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What Can We Learn About Leadership from Agamemnon?

The subject was cannibalism one moment, incest the next, and, to top it all off, a healthy dose of human sacrifice—not your typical high school English lesson, that’s for sure! At first glance to both students and teacher, the House of Atreus seemed as far removed as it could be from Washington DC, 2016. But the play, Agamemnon by Aeschylus, which opens with an interminable war coming to an end and concludes with a cursed leader getting his comeuppance, has started to feel a little closer to home.

While preparing to write their first essay of the year on this play, my two 12th grade classes are finding themselves asking questions about leadership both in the play and in our current historical moment: What are the attributes of a great leader? What does one have to sacrifice on a personal level in order to represent one’s constituents in the best possible way? What happens if the sacrifices we are asked to make save the community as a whole, but irretrievably compromise our personal integrity within our immediate family? Is the leader who has compromised her or himself so profoundly on a personal level still fit to lead?

In a choice that might seem contemporary in the extreme, Aeschylus asks his audience to entertain these questions through both Agamemnon, the leader of the Argive forces and ruler of Argos, and through Clytemnestra, leader of Argos for the ten years that her husband (Agamemnon) is leading the war effort against Troy.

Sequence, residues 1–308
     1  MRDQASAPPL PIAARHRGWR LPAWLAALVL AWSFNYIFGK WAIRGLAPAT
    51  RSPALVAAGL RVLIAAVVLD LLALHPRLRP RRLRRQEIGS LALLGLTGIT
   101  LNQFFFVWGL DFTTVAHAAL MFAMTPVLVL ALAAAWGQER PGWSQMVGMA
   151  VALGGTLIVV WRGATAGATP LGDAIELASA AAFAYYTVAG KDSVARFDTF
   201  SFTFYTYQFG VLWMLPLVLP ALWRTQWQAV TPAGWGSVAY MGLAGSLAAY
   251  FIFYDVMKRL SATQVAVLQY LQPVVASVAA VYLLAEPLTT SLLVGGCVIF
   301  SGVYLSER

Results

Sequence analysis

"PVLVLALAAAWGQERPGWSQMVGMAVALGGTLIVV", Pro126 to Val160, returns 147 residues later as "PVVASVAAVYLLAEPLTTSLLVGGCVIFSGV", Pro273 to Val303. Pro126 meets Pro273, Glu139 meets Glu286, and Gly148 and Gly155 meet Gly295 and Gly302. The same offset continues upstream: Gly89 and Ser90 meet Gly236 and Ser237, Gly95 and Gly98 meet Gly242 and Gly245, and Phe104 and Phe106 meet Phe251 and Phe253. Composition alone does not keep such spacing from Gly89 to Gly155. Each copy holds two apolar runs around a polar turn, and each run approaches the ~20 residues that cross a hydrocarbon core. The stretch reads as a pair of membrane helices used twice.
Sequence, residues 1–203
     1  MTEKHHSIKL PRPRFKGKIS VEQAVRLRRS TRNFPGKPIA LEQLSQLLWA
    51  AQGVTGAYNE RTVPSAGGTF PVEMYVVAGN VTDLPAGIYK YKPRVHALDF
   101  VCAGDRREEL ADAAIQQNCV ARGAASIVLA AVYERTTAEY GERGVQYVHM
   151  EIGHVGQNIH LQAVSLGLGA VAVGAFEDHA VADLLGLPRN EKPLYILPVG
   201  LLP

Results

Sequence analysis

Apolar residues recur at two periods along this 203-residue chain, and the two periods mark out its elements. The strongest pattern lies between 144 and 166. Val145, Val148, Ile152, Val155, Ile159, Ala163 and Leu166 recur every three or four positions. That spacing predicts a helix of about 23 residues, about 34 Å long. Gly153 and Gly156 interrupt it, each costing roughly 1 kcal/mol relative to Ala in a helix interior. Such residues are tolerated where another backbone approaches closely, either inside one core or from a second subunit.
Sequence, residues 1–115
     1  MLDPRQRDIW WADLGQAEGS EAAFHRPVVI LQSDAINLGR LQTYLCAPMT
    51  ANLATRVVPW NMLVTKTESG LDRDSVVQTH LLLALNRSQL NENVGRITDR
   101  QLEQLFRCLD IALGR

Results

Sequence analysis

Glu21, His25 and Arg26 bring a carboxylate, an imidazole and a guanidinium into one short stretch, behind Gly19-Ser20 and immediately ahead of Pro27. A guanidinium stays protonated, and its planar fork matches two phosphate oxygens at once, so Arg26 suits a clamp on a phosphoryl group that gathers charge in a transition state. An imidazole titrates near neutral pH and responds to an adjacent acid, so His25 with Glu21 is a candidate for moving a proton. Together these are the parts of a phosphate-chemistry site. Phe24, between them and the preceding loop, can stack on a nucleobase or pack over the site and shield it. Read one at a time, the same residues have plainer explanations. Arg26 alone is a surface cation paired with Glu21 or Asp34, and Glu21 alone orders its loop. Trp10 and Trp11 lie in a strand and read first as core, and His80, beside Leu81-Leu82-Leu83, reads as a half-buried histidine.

Exploring the advantages as well as the challenges of leadership through both a man and woman leader begs many questions that seem equally contemporary: If a woman is placed in a leadership position, will she be able to conquer the feminine qualities that could undermine her ability to do the job? Will she ever be able to respond objectively to the facts at hand? Or will her emotionally fickle nature prove a constant threat to order and reason prevailing?

Alternately, as we consider Agamemnon, the man who united Greece and spearheaded the war effort that toppled Troy, does he return home the heroic leader that Argos so desperately wants him to be? Or has his manly ambition transformed him into something monstrous, capable of putting his own child on the slaughtering block in order to secure his place in history? He believes in Greek exceptionalism, he believes in maintaining the dividing line between the civilized Greek city-states and the barbarian hoards menacing at the gate. But has he already compromised his moral high ground by enacting the most barbaric act of all in his own house?

The conversations that we have been having in my English classroom are not unique at GDS. Whether in the hallway or in an advisory meeting when the topic of the elections inevitably arises, students are wrestling with the world around them and the question of leadership: If we are tasked by this school to lead, what does ethically sound leadership look like? What would we do if we were given a series of seemingly impossible choices to make in the service of those we hope to represent? Aristotle had it right, I think, when he argued that theater is a civic training ground. We learn to wrestle with real-life moral dilemmas enacted before us on stage (or on the page) so that, when the time comes, we have developed the ethical musculature for tackling the same questions in “real time.”

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